Seen in the light of its recent history, NATO’s reaction to the Russian invasion has been extraordinary. Acting immediately, the alliance provided critically important weapon systems—especially anti-tank and anti-aircraft missiles—to Ukraine. Moreover, NATO response forces have, for the first time, been activated and deployed in areas that might be the target for future Russian attacks. The size of these units is small, but they are large enough to provide a trip wire guaranteeing that NATO would fulfill its collective commitment in Article Five, which promises that the alliance will respond to an attack on any one of its members “by taking forthwith, individually and in concert with the other Parties, such action as it deems necessary, including the use of armed force.” A summit of NATO heads of state held on February 25 reaffirmed this commitment. At the same time, Finland and Sweden, both traditionally neutral states, are now taking part in the alliance’s consultations on the crisis. Neither state is likely to join NATO anytime soon, but their decision to cooperate with the alliance represents a conspicuous isolation of Russia on the continent, as well as a vote of confidence in NATO’s significance.
While international organizations like the EU and NATO can encourage and coordinate Europeans’ response to the Ukrainian crisis, the fundamental direction and lasting significance of this response will be determined within individual states, which are still the most powerful pieces on the European chessboard. Behind the current European consensus is a vast set of differences created by geography, history, and resources. It is obvious, for example, that Ireland, traditionally neutral and without effective military power, views the war differently than Poland, which has already reacted by increasing military spending and is edging toward more direct engagement on Ukraine’s behalf. The longer the war lasts and the higher the price for European action, the more likely it is that these differences will come to the surface.
Among the European states none is more significant than Germany, whose location, resources, and international standing make it the natural leader (or potential spoiler) of any European project. In addition to being an exemplary civilian state, Germany has a distinctive relationship with Russia. Since the 1970s, German foreign policy rested on what was called “Ostpolitik,” which sought influence through accommodation, hoping to procure Russian cooperation on political issues by establishing deep economic connections. In many ways, German unification in 1989–90 was the outcome—and the validation—of this policy. Under rather different auspices, Ostpolitik continued after the collapse of the Soviet Union, sustained by Germany’s increasing dependence on Russian fuel exports and other economic ties.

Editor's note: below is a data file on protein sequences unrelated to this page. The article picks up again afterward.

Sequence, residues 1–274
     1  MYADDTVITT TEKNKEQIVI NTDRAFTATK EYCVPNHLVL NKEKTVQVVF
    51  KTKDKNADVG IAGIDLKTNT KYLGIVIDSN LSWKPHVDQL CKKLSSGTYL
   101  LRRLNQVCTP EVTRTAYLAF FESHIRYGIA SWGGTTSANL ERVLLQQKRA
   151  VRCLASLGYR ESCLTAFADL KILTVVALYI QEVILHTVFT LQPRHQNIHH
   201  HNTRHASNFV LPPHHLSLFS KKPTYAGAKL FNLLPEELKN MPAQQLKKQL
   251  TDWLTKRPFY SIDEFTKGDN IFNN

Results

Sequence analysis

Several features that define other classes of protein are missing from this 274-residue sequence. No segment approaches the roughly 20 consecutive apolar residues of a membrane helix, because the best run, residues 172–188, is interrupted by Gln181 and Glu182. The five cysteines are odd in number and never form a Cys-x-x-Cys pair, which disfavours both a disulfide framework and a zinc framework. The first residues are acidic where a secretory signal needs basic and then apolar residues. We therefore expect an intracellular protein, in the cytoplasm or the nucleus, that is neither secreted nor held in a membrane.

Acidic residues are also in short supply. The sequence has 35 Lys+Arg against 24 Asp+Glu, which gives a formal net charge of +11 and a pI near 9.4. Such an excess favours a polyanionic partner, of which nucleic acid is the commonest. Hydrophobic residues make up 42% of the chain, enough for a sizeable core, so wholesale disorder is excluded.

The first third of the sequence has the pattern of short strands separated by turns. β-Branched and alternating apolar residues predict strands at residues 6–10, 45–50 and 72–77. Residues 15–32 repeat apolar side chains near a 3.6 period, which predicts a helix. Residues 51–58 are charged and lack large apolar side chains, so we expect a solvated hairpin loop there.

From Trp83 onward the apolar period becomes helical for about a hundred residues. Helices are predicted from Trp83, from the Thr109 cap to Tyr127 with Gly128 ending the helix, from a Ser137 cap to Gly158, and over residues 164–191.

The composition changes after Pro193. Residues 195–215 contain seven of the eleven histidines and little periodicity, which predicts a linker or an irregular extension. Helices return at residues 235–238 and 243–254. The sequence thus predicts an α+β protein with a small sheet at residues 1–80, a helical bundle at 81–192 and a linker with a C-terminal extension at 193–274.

Even as an increasing number of Russian troops were deployed along Ukraine’s frontiers, the decades-long momentum of Ostpolitik continued to shape German policy. When other European states began supplying Ukraine with weapons, Germany promised five thousand helmets—a move that was widely ridiculed. All this changed on Sunday, February 27, when Chancellor Scholz delivered what will probably be the most important speech of his long political career. The Russian attack on Ukraine, Scholz told a special session of the German parliament, “marks a watershed in the history of our continent.” He went on to make clear Germany’s commitment to Ukraine, its willingness to supply weapons and support sanctions. (But not, as became clear on March 7, to ban all Russian gas and oil imports.)
Scholz also used the current crisis as the occasion to announce a new approach to German security policy: he promised to increase military spending to the 2 percent of GDP level set by NATO and to allocate the equivalent of two years’ military budget to make badly needed improvements in weapons and training. To transform a deeply embedded civilian culture will require more than a single speech or even a substantial reallocation of resources, but together with the other dramatic events of the past few weeks, Scholz’s change of direction is of great significance. We will have to see if the German public is ready and willing to pay for effective armed forces and, if necessary, to support putting them in harm’s way. Nevertheless, for the first time in half a century, Germany’s commitment to being a civilian state is open to question.
As the war in Ukraine continues without an end in sight, I am reminded of Hannah Arendt’s comment that “the practice of violence, like all action, changes the world, but the most probable change is to a more violent world.” Let us hope and pray that in the present case her grim assessment is wrong. But even if it is possible to avoid or at least contain a metastasis of international violence, we must recognize that in February 2022 the Ukrainian war seems to have brought Europe’s postwar era to an end. What kind of European states will emerge is by no means clear, but there is good reason to believe that a new chapter in the long, turbulent history of the relationship between states and war has begun.
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